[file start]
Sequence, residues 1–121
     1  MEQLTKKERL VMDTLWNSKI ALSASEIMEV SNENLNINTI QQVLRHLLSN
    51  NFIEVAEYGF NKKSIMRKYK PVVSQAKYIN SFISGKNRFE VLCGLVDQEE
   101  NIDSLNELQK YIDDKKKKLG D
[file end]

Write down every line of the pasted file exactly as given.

Sequence, residues 1–121
     1  MEQLTKKERL VMDTLWNSKI ALSASEIMEV SNENLNINTI QQVLRHLLSN
    51  NFIEVAEYGF NKKSIMRKYK PVVSQAKYIN SFISGKNRFE VLCGLVDQEE
   101  NIDSLNELQK YIDDKKKKLG D